Naples, FL, January 21, 2011 --(PR.com
)-- John and Mary Jo Boler, part-time Sanibel Island residents, made a $1 million donation to the building fund for The Heights Foundation’s Community and Cultural Arts Center last week. The gift puts the organization just $1.2 million away from being able to complete the $6.5 million building project. The Heights Foundation works to help transform the lives of those living in the Harlem Heights neighborhood, the Heights Center will create a hub for delivery of services.
“The Heights Center is a dream of the residents who are seeking a center of their community where families can meet, where children can take part in a dance or an art class that otherwise might not be available to them, and where adults can receive education, job training, health advocacy, social services and more,” according to Foundation Founder and Executive Director Kathryn Kelly. “We want the children in Harlem Heights to know that they are valued, and that they can act with integrity, despite their current circumstances. And then we want to give them the tools to rise above those current circumstances.”
“Quite simply, they deserve it,” said John Boler, a retired executive and founder of a global manufacturing company, Hendrickson International in Illinois. “I was born on what you would call the wrong side of the tracks and I worked hard, every job imaginable, so now I can help others with a hand.”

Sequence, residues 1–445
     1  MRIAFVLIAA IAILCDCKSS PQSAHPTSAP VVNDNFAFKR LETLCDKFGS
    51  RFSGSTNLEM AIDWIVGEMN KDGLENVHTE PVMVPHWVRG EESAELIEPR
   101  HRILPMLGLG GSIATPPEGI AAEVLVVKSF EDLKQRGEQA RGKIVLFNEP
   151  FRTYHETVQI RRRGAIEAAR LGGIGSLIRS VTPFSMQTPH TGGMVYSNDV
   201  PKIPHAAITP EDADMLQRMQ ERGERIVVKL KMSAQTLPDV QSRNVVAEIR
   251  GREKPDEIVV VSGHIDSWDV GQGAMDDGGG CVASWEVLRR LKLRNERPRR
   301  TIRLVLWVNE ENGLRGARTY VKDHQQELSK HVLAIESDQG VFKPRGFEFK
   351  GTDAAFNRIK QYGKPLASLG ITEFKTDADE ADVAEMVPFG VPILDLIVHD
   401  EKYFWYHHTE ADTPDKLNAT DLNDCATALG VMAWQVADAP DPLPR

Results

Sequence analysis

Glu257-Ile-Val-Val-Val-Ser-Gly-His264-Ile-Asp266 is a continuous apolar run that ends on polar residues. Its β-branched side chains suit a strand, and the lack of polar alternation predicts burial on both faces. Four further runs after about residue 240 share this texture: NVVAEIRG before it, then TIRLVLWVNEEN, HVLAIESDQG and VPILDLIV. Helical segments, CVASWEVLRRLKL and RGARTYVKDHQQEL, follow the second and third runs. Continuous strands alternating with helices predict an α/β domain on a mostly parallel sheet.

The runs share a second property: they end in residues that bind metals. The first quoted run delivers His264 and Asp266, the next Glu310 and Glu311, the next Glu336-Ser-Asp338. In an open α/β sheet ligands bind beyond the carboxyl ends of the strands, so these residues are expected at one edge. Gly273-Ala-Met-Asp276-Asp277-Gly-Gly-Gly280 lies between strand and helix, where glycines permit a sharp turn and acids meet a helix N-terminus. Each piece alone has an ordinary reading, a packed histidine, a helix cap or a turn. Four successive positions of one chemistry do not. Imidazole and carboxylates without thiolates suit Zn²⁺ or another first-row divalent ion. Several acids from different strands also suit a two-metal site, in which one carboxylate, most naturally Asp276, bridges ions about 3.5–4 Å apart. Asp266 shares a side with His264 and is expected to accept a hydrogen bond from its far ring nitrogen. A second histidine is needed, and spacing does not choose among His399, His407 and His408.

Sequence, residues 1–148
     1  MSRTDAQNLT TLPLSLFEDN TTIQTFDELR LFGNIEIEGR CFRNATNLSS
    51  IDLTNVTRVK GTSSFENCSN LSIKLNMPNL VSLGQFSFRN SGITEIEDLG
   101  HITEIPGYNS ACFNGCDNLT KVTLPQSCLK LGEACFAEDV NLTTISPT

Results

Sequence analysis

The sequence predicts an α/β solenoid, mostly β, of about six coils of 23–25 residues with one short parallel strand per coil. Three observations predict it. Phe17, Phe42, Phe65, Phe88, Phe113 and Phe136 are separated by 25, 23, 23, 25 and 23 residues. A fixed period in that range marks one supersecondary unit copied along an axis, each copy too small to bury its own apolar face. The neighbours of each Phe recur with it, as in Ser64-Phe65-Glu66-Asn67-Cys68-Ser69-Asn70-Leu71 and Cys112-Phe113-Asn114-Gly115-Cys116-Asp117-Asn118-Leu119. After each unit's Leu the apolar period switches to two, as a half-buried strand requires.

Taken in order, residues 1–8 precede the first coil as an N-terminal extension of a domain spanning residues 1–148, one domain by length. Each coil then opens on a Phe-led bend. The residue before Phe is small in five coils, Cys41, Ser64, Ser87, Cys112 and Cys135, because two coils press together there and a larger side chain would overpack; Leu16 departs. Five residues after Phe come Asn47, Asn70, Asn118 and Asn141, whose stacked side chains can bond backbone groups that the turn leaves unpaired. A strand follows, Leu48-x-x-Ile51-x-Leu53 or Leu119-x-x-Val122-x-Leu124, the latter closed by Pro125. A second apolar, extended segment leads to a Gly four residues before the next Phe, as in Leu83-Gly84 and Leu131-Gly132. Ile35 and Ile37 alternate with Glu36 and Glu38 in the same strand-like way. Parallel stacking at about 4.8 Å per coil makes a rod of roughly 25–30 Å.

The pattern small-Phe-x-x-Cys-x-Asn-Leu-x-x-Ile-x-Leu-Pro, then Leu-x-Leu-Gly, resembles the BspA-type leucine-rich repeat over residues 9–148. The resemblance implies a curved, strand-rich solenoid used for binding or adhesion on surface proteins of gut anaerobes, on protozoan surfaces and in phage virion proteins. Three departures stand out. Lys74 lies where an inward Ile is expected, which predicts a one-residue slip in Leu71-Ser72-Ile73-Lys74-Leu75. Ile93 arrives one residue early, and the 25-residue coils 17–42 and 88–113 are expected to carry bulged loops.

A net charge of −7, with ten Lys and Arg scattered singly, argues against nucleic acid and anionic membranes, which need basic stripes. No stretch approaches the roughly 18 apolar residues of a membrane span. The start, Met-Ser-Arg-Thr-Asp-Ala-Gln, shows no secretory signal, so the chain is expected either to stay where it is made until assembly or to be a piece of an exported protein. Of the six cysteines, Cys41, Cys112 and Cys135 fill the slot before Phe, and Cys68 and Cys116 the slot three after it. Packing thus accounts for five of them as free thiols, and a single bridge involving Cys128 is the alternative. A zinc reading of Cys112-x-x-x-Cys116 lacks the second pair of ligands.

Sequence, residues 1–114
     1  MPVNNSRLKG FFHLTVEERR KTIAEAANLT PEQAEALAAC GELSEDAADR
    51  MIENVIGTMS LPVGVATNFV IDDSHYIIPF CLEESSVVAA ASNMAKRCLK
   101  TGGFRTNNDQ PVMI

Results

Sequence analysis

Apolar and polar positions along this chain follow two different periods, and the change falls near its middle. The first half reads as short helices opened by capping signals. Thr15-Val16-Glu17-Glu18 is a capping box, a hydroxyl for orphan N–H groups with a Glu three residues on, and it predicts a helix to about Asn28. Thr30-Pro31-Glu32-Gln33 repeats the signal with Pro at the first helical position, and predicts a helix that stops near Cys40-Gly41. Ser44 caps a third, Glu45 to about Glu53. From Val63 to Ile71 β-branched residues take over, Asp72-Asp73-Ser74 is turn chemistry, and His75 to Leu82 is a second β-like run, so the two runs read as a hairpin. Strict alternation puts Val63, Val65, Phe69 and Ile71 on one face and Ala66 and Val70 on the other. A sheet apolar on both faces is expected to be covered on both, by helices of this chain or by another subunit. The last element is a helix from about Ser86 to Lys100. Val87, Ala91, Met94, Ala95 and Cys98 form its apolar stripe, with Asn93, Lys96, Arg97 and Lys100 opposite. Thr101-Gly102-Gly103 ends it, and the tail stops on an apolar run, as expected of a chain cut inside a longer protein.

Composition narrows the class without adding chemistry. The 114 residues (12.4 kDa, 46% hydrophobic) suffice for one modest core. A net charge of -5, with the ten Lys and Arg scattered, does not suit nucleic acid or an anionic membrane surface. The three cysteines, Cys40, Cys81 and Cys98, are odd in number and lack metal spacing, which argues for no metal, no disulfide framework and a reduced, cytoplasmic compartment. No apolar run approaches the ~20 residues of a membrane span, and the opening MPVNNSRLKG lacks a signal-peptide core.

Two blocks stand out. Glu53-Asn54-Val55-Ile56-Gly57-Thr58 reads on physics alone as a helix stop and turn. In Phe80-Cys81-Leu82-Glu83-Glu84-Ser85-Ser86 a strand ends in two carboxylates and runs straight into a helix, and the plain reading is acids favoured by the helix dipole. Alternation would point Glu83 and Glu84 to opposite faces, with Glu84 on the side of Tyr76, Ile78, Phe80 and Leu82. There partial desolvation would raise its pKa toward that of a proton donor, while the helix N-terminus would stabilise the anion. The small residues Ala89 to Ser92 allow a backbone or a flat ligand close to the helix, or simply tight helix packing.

Harlem Heights is a severely distressed community, with children living in poverty at twice the rate of the reset of Lee County. The Heights Foundation has worked for over a decade to come alongside Heights families and work with them by promoting education, opportunity, and the arts through programs, outreach and advocacy.
Their programs create a network of care and support that helps families create deep and long lasting change, thanks to partners like community organizations, churches, social service agencies and more.
“Education is the key and children deserve that and more,” Boler said. “They deserve what this project can provide for them.”
Construction had been halted on the $6.5 million facility due to a donor whose pledge was affected by the downturn in the economy, but this latest gift and other gifts over the years brings the foundation leaders just $1.2 million from completion and allows the group to apply for New Market Tax Credits, state and federal funding that provide incentives for investment in projects with high community impact in distressed communities.
“We will resume construction of the building sooner now with this gift,” said Heights Foundation Founder and Executive Director Kathryn Kelly. “With some additional fundraising, we will be able to get started again in a few months.”
The Heights Foundation is guided by a board of directors, and the Center’s advisory committee who help steer the project.
“This is a project I am proud to be a part of,” said Victor Mayeron, board chair. “The residents of Harlem Heights ask me ‘Victor, when?’ so now I can tell them – ‘soon, very soon.’”
About the Heights Foundation
The Heights Foundation is a grassroots organization that works to break the cycle of poverty in the Harlem Heights neighborhood. The Foundation’s mission is to promote education, opportunity, and the arts through programs, outreach, and advocacy. The Foundation is focused on building a center in the Harlem Heights community to provide a place for family and community development, education and job training programs, and access to the cultural and expressive arts.
Located off Gladiolus Drive and bordered by Summerlin Road and McGregor Blvd., Harlem Heights is a severely distressed community, characterized by high poverty rate and low educational attainment. Approximately 1,200 children live in the community, with families living in poverty at a rate that is significantly higher than the rest of Lee County.